Lohengrin   (Stiedry; Sullivan, Steber, Harshaw, Ernster, Sigurd Bjorling)   (3-Gala 100.640)
Item# OP1718
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Product Description

Lohengrin   (Stiedry; Sullivan, Steber, Harshaw, Ernster, Sigurd Bjorling)   (3-Gala 100.640)
OP1718. LOHENGRIN, Live Performance, 11 April, 1953, w.Stiedry Cond. Met Opera Ensemble; Brian Sullivan, Eleanor Steber, Margaret Harshaw, Sigurd Björling, Dezsö Ernster, etc.; LOHENGRIN – Excerpts, Live Performance, 25 Jan., 1947, w.Busch Cond. Helen Traubel, Margaret Harshaw & Osie Hawkins. (Portugal) 3-Gala 100.640. - 8712177053643


"…the great surprise is the Elsa of Eleanor Steber – alas, a singer now almost forgotten. She had absolutely everything needed for the role and then some: a voice of great power and beauty under perfect control, an ability to follow and illuminate every nuance of the text, and intonation that would put Heifetz to shame….while Steber is singing, there seems to be perfection everywhere."

- William Youngren, FANFARE, Nov./Dec., 2005

“Brian Sullivan was born on 9 August, 1912 in Oakland, California. He was an actor, known for Cavalcade of Stars (1949), The Ed Sullivan Show (1948) and Musical Comedy Time (1950).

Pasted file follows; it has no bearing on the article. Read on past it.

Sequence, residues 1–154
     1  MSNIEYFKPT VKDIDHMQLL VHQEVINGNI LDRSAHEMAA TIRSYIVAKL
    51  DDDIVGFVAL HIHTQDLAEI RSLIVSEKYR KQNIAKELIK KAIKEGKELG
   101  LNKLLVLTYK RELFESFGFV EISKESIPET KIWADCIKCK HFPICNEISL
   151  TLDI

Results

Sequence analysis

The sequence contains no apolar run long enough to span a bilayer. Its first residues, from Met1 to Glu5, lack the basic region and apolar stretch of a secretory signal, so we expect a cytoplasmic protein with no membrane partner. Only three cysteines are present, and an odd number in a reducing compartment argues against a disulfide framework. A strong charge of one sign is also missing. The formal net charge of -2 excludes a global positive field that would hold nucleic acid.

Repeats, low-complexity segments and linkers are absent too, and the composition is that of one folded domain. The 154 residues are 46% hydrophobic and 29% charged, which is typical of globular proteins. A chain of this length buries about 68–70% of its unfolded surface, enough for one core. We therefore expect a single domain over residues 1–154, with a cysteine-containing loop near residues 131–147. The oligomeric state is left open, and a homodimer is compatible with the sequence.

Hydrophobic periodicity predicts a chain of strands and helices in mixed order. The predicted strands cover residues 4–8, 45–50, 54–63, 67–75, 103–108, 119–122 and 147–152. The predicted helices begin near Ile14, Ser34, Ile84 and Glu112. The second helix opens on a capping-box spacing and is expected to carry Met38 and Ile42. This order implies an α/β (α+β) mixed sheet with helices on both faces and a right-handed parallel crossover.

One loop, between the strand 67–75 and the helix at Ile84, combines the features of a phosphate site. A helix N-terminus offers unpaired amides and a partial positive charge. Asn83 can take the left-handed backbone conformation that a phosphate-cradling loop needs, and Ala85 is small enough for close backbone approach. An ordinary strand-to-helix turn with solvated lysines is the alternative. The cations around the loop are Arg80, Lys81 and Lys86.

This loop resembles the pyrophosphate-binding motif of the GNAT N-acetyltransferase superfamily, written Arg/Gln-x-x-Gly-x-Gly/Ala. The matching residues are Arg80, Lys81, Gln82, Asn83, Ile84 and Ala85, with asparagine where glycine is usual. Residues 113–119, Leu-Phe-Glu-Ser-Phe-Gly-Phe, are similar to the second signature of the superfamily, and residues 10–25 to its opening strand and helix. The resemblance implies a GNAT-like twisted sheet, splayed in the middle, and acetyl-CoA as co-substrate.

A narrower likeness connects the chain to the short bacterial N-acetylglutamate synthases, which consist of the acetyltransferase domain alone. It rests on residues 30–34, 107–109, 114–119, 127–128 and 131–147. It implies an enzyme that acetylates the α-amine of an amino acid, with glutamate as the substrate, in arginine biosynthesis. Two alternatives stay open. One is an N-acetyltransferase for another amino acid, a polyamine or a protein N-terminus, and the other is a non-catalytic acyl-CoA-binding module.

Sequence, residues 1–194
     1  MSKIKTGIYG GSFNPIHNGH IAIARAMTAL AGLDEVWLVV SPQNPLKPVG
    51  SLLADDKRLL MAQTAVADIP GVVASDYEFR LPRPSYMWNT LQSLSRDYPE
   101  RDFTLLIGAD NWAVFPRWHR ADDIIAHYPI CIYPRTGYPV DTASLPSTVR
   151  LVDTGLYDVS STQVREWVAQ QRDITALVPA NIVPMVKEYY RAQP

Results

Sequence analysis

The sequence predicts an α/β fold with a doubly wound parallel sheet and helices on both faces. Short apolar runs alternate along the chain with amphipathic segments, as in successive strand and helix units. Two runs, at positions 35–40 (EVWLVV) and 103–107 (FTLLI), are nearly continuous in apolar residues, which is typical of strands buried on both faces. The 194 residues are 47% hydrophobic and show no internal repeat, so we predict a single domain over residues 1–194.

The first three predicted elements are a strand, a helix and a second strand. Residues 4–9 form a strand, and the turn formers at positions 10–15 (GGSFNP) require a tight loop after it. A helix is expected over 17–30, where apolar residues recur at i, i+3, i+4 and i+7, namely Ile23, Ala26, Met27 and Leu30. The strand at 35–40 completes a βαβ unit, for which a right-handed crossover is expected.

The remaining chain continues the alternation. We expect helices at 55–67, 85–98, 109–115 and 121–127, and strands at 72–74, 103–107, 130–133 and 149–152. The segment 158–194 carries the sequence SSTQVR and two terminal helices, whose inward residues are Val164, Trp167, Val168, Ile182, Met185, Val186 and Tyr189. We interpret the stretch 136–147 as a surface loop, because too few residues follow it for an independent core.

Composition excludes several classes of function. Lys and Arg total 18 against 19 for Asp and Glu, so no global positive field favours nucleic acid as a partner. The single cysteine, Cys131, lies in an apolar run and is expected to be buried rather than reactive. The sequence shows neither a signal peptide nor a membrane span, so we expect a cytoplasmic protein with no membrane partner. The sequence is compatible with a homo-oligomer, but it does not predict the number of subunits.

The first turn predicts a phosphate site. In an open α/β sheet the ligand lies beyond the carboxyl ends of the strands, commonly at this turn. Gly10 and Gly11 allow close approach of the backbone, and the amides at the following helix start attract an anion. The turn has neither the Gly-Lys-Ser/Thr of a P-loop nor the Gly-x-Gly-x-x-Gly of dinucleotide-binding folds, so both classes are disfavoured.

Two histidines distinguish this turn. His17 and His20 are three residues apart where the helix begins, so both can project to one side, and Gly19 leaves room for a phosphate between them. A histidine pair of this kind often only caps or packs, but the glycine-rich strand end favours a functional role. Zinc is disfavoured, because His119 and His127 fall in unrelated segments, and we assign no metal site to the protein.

A versatile, boyishly good-looking (in his younger days) tenor, he came from Broadway to spend fourteen seasons with the Metropolitan Opera, beginning with the title role in Benjamin Britten's PETER GRIMES in 1948. Other frequent roles with the company included Alfred in Johann Strauss II's DIE FLEDERMAUS, Tamino in Mozart's ZAUBERFLÖTE, Grigori in Mussorgsky's BORIS GODUNOV, and the title role in Wagner's LOHENGRIN. From what I can glean from the Internet and The Met Archives, Brian Sullivan sang in 162 performances at The Met, including his first performance as Peter Grimes 23 Feb., 1948, and ending with Alceste in 1961. He enjoyed an active career in the United States and Europe.

Brian Sullivan believed he had been engaged to sing in Wagner’s GÖTTERDÄMMERUNG in Switzerland. Apparently, he believed that he was contracted to star in the production but, in actuality, was just the understudy to the star, Claude Heater. When he failed to find an opportunity to sing in the production, Sullivan drowned himself on 17 June, 1969, as did Peter Grimes, a case of Life Imitating Art.”

- Lloyd L. Thoms Jr., Greenville, Wilmington, Delaware